Real property includes land and improvements (An improvement is anything that adds value to real property such as a house, swimming pool, garage, barn, etc). The Revenue Commissioner's Office is responsible for determining property value which must, by law, be set according to "fair and reasonable market value."
Business personal property refers to items that are used in any business and are movable or not permanently fixed to the land. Furniture, fixtures and equipment used in a business must be listed and assessed in the Revenue Commissioner's Office after October 1, but no later than December 31 each year.
Failure to make assessments by the 3rd Monday in January will result in a 10% penalty and fees added to the tax bill. Personal property is appraised by the Personal Property Appraiser for taxes, based on the cost new and allowance for depreciation due to age.
Beginning January 1, when taxes become delinquent, the Revenue Commissioner must proceed to collect the business personal property taxes due or sell the property to satisfy the lien. Business personal property sold for taxes cannot be redeemed.
Taxes are collected one year in "Arrears" - or, as the title of property stood as of October 1 of previous year. Courtesy tax notices are usually mailed before October 1 due date. Should you receive a notice and your Mortgage Company is to pay your tax you should forward the notice to the Mortgage Company. All assessments and bills are based upon ownership and status as of October 1 of each year.
Your property is probably not for sale but the local appraiser must set the value of the property as if it were "sold" in an "arm lengths" transaction between a "willing buyer and a willing seller," neither being under any pressure to buy or sell.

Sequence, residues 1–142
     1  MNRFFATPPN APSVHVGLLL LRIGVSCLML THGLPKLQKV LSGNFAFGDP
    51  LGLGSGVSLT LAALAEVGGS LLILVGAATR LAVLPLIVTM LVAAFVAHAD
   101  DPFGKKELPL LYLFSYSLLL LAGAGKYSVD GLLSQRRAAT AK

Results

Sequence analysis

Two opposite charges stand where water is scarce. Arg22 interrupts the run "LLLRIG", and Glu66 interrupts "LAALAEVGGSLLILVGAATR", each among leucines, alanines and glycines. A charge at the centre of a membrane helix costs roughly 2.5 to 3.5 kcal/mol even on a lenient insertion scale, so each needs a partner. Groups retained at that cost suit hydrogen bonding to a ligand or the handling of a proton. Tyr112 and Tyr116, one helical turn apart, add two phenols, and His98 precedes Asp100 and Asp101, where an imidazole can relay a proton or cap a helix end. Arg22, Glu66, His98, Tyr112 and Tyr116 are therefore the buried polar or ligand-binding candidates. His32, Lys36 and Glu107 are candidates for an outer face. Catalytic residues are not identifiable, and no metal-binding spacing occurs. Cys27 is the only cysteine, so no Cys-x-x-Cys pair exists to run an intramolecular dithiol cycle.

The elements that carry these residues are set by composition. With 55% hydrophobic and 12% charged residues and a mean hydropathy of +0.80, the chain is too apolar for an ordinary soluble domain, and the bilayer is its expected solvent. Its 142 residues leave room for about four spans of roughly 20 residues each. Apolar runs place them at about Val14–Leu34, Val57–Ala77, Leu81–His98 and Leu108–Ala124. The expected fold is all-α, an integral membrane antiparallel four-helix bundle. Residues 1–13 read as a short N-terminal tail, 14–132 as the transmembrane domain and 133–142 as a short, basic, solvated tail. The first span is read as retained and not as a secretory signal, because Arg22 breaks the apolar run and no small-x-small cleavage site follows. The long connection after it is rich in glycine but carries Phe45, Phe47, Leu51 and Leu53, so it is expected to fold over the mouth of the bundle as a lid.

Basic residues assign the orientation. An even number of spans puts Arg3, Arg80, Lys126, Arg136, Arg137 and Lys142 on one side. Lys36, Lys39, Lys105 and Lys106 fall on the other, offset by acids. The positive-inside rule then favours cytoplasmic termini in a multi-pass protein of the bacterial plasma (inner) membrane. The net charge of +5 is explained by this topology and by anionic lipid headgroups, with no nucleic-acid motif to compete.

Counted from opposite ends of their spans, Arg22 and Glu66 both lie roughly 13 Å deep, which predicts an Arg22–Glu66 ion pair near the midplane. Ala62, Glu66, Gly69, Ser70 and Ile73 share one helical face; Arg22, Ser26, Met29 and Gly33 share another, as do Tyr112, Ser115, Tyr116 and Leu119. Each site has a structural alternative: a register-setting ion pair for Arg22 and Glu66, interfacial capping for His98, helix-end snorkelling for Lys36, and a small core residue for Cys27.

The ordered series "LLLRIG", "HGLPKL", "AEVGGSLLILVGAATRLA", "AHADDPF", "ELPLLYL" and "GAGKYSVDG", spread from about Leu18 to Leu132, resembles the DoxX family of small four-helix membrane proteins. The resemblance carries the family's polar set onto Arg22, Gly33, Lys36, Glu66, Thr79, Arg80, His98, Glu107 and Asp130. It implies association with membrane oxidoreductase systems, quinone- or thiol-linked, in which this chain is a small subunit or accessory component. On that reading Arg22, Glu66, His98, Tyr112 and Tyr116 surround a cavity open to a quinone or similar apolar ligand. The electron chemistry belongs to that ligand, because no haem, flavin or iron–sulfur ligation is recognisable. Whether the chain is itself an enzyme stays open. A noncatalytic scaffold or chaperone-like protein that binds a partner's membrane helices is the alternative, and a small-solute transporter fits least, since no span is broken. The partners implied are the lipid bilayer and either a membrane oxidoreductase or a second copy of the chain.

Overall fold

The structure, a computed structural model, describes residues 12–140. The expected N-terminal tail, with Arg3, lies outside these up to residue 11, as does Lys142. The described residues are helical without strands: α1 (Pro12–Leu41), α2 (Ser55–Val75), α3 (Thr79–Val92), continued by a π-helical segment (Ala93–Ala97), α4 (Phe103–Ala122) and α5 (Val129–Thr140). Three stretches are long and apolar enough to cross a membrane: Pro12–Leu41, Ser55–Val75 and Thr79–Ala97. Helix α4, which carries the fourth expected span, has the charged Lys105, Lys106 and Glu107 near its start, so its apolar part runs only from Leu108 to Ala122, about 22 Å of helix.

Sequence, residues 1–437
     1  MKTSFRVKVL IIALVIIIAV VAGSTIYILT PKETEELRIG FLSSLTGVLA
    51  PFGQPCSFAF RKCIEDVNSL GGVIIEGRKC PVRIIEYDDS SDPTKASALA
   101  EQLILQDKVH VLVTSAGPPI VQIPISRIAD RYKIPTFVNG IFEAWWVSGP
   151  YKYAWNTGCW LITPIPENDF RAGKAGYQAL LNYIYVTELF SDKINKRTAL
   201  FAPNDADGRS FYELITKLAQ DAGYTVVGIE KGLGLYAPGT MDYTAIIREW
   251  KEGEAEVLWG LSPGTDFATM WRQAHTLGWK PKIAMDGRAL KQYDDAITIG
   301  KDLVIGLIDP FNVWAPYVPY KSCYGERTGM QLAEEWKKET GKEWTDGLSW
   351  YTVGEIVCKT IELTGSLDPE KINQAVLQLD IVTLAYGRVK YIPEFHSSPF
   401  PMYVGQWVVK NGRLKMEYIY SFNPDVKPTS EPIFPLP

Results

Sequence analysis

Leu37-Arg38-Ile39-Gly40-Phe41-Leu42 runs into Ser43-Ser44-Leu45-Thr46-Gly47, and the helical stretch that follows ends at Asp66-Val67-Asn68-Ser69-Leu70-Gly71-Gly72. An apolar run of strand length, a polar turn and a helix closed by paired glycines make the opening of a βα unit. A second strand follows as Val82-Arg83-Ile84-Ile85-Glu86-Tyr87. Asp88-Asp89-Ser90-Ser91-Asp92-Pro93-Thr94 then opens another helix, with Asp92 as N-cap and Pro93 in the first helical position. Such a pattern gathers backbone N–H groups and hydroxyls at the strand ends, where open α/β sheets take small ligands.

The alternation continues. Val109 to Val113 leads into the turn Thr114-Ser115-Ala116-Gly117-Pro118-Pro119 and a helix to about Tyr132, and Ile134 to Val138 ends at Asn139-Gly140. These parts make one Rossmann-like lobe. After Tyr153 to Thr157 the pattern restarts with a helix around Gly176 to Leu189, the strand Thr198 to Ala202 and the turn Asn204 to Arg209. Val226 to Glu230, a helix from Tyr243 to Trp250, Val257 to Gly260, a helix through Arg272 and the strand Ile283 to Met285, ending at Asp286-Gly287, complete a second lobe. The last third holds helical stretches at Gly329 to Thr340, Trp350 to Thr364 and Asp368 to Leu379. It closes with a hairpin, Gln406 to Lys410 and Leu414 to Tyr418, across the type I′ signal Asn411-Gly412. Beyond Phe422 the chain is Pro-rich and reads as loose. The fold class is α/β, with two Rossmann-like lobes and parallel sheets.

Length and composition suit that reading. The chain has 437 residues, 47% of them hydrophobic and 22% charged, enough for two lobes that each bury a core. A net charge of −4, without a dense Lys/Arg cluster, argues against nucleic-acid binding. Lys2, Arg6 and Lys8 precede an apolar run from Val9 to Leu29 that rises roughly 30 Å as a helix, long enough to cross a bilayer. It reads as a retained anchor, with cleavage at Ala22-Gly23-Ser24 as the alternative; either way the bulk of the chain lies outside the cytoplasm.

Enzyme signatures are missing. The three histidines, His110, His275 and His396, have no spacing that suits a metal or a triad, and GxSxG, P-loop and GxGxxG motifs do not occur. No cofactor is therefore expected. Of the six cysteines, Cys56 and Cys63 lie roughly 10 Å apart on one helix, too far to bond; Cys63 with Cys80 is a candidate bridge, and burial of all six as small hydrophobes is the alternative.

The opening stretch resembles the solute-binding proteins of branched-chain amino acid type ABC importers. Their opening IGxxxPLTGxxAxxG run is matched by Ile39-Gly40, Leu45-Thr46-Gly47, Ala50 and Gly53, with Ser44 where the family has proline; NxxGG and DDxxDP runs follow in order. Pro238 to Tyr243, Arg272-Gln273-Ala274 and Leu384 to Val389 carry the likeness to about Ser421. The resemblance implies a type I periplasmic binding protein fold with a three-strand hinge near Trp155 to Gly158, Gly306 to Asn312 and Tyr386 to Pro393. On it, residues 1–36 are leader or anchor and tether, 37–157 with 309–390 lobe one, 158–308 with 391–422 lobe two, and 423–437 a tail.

Taxes are not pro-rated. Total amount of taxes must be received before account can be posted. If your mortgage company has paid taxes and you receive a delinquent notice, contact mortgage company immediately to verify parcel ID number and amounts they show as paid. Verify with Revenue Commission office payment being received and posted.
If an overpayment was made, a refund will be issued to the original payer of taxes.
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Adding or Removing Improvements
The law requires that owners, or their agent, must come to the Revenue Commissioner's Office no later than December 31 to sign a new assessment officially reporting any improvements made to or any removal of structures or features from their property, on or before October 1 of that year. Examples of improvements that are assessable would include new structures or additions, swimming pools, extensive repairs, remodeling or renovations; adding a fireplace, extra bath, patio, deck, carport, garage, etc. However such things as re-roofing, minor repairs and painting, (normal maintenance type items), would not require a reassessment. Generally speaking, any work done that would more than nominally increase the value of a property would constitute an assessable improvement.
Steps to Follow When Purchasing Real Property
Record your deed in the Probate Office. Many new property owners often rely on the title company, or other representative to properly record their deed. However, the final responsibility is still yours, as the owner, to see that deeds are recorded and assessed. A new deed would require a new assessment. To claim homestead, property must be owner occupied, single family dwelling, and must be claimed when assessing the property. You should contact this office at 205-367-2040 for information regarding additional exemption entitlements. Additional information on property tax exemptions are listed below.
You may contact the Revenue Commissioner's Office to make sure your taxes are current. On real property (land & improvements), the buyer can be held liable for any unpaid taxes. The buyer is liable for the entire year's taxes, even if that person bought the property during the year and taxes were prorated with the seller at the time of closing. You are responsible for taxes on all property owned, regardless of how the tax bill is listed.
If your mortgage company has agreed to pay your property taxes, a copy of the assessment sheet should be mailed to the company as soon as it is received. This will give them complete information to request a bill for your property.